L.Opdyke French Aeroplanes Before the Great War (Schiffer)
Deleted by request of (c)Schiffer Publishing
Flight, November 9, 1912.
THE PARIS AERO SALON.
THEIR monoplane is one of the prettiest jobs in the whole Salon. Hardly the same can be said of the biplane they are exhibiting, for, although good throughout as concerns both design and workmanship, it seems considerably more complicated about the chassis than it need be. The monoplane is a single-seater fitted with 50-h.p. Gnome motor, and betrays traces of R.E.P. influence in its design. Its body, for instance, is almost identical with that of the machine we mention; also, at first sight, is the chassis, but on closer examination it will be seen that it works on a different principle. Its two running wheels are mounted on a common axle that is strapped down by rubber springs to a horizontal tubular member, which unites the basis of two "V's" extending downward from the fuselage. One of our sketches shows this point well, and in the same drawing may be seen how the fixed horizontal member and the movable axle are connected as a precaution against an extensive smash occurring should the rubbers break. Altogether, it is the neatest and, we should think, the most efficient chassis this year's Salon has brought forth. On the machine shown the wings are constructed chiefly of wood, but have tubular spars of steel. We were informed, however, that wings with an all-metal skeleton had been made for the monoplane, and, in fact, they would be fitted to the machine before the Show closes. Its tail is a lifting organ, and singularly pretty in outline. It is kept clear of the ground by a neat skid built up of laminations of bent wood.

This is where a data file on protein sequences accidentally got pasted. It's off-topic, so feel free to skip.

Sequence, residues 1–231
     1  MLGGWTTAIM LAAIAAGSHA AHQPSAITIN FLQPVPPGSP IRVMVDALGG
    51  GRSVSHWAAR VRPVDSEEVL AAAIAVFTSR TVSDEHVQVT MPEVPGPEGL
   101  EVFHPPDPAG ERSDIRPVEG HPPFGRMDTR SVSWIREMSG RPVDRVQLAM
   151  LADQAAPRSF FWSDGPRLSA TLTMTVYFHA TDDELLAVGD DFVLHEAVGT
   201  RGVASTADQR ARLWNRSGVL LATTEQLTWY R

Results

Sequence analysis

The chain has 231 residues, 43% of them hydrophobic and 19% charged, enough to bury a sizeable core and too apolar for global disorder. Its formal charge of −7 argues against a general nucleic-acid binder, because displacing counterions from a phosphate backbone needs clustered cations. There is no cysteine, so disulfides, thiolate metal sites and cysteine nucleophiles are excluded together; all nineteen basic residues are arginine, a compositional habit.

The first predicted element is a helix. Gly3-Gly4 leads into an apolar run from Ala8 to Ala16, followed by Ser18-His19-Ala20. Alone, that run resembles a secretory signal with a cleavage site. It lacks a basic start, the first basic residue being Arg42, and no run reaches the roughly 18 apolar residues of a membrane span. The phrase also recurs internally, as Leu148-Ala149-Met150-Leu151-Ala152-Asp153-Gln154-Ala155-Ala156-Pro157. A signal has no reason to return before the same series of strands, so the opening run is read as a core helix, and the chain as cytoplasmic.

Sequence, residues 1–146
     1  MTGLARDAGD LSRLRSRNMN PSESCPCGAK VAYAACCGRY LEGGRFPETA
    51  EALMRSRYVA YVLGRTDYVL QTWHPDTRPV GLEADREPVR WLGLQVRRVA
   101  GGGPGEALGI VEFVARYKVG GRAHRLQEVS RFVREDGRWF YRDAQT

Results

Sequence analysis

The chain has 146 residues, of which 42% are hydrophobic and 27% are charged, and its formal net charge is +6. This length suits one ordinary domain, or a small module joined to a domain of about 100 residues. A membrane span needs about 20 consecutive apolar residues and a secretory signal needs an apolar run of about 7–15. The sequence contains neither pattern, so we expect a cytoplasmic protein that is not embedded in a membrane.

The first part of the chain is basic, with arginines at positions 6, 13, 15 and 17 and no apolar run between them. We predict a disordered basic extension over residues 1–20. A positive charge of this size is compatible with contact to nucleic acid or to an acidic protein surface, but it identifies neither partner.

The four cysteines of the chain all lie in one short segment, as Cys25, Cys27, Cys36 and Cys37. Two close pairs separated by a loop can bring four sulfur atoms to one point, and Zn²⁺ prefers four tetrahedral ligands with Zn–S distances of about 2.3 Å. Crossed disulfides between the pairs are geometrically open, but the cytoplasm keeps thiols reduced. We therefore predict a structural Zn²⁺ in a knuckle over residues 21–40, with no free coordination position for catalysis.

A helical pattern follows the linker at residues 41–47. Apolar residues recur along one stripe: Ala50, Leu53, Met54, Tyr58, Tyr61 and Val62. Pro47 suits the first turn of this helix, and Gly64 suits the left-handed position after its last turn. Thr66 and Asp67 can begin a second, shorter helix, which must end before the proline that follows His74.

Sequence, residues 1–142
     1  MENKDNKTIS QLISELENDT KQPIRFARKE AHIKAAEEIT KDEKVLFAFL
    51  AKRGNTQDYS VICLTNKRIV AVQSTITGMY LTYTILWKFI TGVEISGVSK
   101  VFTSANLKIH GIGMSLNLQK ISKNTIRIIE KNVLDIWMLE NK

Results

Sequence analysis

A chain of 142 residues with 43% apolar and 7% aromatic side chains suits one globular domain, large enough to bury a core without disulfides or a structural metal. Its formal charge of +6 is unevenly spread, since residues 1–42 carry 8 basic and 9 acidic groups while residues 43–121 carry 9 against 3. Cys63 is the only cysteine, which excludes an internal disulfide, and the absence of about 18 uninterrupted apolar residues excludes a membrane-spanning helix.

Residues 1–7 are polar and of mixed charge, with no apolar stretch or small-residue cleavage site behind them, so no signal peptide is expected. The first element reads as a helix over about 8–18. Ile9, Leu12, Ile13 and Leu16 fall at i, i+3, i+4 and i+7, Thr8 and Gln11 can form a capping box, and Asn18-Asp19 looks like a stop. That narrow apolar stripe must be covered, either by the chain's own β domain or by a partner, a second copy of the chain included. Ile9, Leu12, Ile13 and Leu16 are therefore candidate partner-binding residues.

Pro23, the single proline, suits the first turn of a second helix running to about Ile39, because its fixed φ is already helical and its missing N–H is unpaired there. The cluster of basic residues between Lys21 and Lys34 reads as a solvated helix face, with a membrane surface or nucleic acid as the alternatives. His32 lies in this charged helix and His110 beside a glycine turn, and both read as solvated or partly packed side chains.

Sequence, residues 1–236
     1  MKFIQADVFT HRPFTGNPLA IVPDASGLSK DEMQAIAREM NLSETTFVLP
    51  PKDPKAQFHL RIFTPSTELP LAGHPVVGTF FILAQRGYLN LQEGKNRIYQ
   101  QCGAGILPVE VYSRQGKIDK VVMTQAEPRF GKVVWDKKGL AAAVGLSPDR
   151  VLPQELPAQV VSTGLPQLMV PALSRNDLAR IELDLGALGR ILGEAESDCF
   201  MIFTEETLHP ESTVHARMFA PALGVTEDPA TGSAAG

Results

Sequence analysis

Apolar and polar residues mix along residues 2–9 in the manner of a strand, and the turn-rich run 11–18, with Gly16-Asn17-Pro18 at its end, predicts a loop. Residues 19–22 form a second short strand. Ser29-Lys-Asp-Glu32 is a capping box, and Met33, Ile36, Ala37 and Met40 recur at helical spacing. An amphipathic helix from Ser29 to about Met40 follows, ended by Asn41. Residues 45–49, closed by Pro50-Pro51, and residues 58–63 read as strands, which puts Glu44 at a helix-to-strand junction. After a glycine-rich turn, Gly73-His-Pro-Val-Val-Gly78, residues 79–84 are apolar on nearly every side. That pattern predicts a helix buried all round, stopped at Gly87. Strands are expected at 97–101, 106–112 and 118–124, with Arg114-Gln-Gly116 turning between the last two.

The large three-seated biplane has a fuselage which only differs from that of the monoplane as regards size. Its tail organs, too, are identical. The main points of difference lie in its landing gear, and in the fact that it has two spreads of wing instead of one. Its chassis is a rather mote complicated version of that which was shown on their biplane last year. It consists of two horizontal wooden skids united to the fuselage by a structure of steel tubing. At the rear extremity of each skid is hinged a steel fork in the form of a triangle, which supports a pair of wheels. The shock absorbers are fitted horizontally between the front of the skid and the base of the fork, so that, should there be a shock on landing, the wheels may give in a vertical direction. Behind the two main skids, and attached to the base of the fuselage, is a third skid with wheels, which, in that position, does away with the necessity of fitting a tail skid. The planes of the biplanes are so designed as regards their attachment to the fuselage that they may be dismantled in a minimum of time. A triangular construction of steel tubing surrounds the body in the neighbourhood of its centre of gravity, and to this structure the planes are assembled. Their cross bracing is rather interesting, and this we illustrate by means of a sketch, for this system does away with a good deal of strutting and wiring, and materially reduces the head resistance of that part of the machine. Inside the body room is provided for two passengers sitting side-by-side in advance of the pilot.